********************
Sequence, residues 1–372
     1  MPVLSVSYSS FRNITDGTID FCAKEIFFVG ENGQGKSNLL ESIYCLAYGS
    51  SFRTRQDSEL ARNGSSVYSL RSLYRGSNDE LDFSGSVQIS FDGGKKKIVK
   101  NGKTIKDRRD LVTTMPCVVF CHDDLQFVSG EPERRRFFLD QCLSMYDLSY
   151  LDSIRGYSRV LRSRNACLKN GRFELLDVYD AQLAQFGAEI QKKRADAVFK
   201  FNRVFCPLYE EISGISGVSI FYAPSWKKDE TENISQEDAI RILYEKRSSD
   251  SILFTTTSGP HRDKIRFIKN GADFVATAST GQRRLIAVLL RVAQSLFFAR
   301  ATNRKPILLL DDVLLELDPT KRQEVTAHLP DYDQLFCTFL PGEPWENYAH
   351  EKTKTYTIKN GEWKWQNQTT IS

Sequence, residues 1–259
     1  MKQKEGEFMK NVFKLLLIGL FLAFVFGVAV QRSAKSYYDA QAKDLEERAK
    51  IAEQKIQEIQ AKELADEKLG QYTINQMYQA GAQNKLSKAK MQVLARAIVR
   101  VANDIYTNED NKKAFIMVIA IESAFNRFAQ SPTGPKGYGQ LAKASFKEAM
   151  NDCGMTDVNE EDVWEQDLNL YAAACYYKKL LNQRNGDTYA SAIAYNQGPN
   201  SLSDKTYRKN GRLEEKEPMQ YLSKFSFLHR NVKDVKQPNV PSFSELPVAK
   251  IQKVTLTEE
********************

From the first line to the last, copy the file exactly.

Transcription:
Sequence, residues 1–372
     1  MPVLSVSYSS FRNITDGTID FCAKEIFFVG ENGQGKSNLL ESIYCLAYGS
    51  SFRTRQDSEL ARNGSSVYSL RSLYRGSNDE LDFSGSVQIS FDGGKKKIVK
   101  NGKTIKDRRD LVTTMPCVVF CHDDLQFVSG EPERRRFFLD QCLSMYDLSY
   151  LDSIRGYSRV LRSRNACLKN GRFELLDVYD AQLAQFGAEI QKKRADAVFK
   201  FNRVFCPLYE EISGISGVSI FYAPSWKKDE TENISQEDAI RILYEKRSSD
   251  SILFTTTSGP HRDKIRFIKN GADFVATAST GQRRLIAVLL RVAQSLFFAR
   301  ATNRKPILLL DDVLLELDPT KRQEVTAHLP DYDQLFCTFL PGEPWENYAH
   351  EKTKTYTIKN GEWKWQNQTT IS

Sequence, residues 1–259
     1  MKQKEGEFMK NVFKLLLIGL FLAFVFGVAV QRSAKSYYDA QAKDLEERAK
    51  IAEQKIQEIQ AKELADEKLG QYTINQMYQA GAQNKLSKAK MQVLARAIVR
   101  VANDIYTNED NKKAFIMVIA IESAFNRFAQ SPTGPKGYGQ LAKASFKEAM
   151  NDCGMTDVNE EDVWEQDLNL YAAACYYKKL LNQRNGDTYA SAIAYNQGPN
   201  SLSDKTYRKN GRLEEKEPMQ YLSKFSFLHR NVKDVKQPNV PSFSELPVAK
   251  IQKVTLTEE